#255) The Decline of Western Civilization (1981)

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#255) The Decline of Western Civilization (1981)

OR “What’s the Matter With Kids Today?”

Directed by Penelope Spheeris

Class of 2016

The Plot: It’s 1980 and the L.A. rock scene has evolved into the first wave of hardcore punk. Filmmaker Penelope Spheeris chronicles the era on and off-stage with such notorious bands as Black Flag, Germs, Catholic Discipline, X, Circle Jerks, Alice Bag Band, and Fear. Each band’s anarchic attitude towards music, L.A., and even their own fans is on full display. Also featured are the owners of L.A. clubs Masque and Club 88 coping with their new clientele, the bands’ fans articulating their devotion to this scene, and the editors of “Slash”, the first punk rock zine. Come for the insight into this burgeoning subculture, stay for the kick-ass soundtrack.

Why It Matters: The NFR calls it “a bracing historical and musical record” of the L.A. punk rock scene.

But Does It Really?: Maybe it’s because I’ve spent the last year and a half watching classic Hollywood fare, but “The Decline of Western Civilization” was a breath of fresh air for me. Despite what others might say, punk rock was the music that actually broke all the rules, and this film covers the chaotic energy of early punk perfectly. At no point does Spheeris attempt to explain or contextualize the music; she lets her subjects be their unapologetic selves. “Decline” is a documentary where the cameras were rolling at the perfect moment, and a welcome addition to the Registry.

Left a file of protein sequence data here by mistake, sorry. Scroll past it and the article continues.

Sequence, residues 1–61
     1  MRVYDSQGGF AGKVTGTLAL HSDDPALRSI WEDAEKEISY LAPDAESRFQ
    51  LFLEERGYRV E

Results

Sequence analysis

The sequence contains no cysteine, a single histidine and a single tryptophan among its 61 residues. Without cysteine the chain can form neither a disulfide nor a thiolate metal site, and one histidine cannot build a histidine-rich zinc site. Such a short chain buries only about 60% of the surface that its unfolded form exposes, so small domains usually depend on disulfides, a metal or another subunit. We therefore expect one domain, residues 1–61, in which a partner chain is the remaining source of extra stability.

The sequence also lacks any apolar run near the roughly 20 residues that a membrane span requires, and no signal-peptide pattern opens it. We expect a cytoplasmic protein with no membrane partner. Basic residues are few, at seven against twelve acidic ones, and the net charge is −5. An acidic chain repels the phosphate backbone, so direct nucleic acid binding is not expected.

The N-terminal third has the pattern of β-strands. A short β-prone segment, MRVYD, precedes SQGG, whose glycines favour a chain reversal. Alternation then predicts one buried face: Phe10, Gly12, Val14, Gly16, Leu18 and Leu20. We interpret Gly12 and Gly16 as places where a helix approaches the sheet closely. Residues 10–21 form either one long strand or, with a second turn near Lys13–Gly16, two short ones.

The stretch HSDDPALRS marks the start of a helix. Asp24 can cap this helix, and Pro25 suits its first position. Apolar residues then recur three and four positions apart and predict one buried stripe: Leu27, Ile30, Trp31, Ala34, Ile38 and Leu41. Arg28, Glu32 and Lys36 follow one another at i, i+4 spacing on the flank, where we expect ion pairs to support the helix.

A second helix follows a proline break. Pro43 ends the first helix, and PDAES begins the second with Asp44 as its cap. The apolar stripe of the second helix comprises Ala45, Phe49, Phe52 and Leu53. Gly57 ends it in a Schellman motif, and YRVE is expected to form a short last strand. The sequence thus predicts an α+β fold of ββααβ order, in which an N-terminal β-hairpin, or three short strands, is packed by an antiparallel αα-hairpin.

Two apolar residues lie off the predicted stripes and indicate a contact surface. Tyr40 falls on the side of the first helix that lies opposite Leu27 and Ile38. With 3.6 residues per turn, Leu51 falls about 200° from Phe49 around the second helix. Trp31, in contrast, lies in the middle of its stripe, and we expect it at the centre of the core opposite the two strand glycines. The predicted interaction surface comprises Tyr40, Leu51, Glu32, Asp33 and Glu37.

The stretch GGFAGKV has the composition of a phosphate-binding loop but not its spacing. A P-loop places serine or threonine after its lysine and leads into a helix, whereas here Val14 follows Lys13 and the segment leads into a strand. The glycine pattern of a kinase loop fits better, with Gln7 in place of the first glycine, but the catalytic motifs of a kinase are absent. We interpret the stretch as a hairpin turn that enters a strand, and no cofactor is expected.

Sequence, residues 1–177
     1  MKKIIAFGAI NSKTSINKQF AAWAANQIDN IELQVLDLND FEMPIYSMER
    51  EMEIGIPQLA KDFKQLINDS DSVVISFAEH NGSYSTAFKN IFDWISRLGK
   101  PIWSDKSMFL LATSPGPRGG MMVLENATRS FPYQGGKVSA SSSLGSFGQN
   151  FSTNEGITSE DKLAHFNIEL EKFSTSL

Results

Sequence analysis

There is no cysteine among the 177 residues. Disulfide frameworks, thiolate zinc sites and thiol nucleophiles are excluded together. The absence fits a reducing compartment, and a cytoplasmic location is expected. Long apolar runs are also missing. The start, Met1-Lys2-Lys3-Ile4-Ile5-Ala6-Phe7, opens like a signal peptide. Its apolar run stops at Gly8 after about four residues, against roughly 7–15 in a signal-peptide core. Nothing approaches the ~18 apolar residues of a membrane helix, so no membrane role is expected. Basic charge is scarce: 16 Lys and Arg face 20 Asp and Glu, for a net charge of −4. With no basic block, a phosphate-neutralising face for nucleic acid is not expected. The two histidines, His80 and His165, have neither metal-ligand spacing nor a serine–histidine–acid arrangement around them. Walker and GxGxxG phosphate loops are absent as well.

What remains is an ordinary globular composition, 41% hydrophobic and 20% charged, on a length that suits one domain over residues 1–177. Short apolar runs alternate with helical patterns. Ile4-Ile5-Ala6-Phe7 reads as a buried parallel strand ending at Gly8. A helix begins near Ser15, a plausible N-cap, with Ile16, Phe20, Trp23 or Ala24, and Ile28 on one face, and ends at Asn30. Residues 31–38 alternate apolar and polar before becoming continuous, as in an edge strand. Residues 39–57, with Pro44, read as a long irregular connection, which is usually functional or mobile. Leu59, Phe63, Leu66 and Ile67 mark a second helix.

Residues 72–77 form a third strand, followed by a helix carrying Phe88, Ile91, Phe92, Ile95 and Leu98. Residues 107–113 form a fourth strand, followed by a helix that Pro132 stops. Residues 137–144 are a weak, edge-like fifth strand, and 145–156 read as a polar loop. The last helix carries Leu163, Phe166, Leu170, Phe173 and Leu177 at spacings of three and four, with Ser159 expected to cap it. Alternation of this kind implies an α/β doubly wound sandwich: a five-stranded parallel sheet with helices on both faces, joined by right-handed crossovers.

Shout Outs: Black Flag lead Ron Reyes sings a snippet from “America” from “West Side Story”.

Everybody Gets One: Director Penelope Spheeris spent most of her childhood travelling the country with her father’s carnival, leading to her lifelong understanding of people on the margins of status quo. Spheeris was inspired to become a filmmaker by her cousin, Costa Gavras of “Z” and “Missing” fame. “Decline” was her feature debut.

Wow, That’s Dated: Besides the obvious dissection to the punk rock scene, this film references such ‘80s things as mullets, arguments about nuclear power, and the ancient art of editing a physical magazine.

Seriously, Oscars?: No Best Documentary nomination for “Decline”. The winner that year was “Genocide”, a film about the Holocaust. No room for mosh pits and atonal screaming at the 1982 Oscars.

Other notes

  • Full disclosure: The only bands I was familiar with prior to my viewing were Circle Jerks and Fear, and even then, I was aware of them in name only.
  • The lyrics for some of these songs appear on screen. Everybody sing along!
  • I learned about the punk dance craze pogo from, of all things, an episode of “Pee-wee’s Playhouse”. And who said that show wasn’t educational?
  • How many of these bands hated this movie?
  • Sadly, the main takeaway from this film is Germs lead Darby Crash, who died of an intentional heroin overdose at age 22. The film’s literal poster child passed away seven months before the film’s release, and the final cut is a telling look at the end of a tragic life.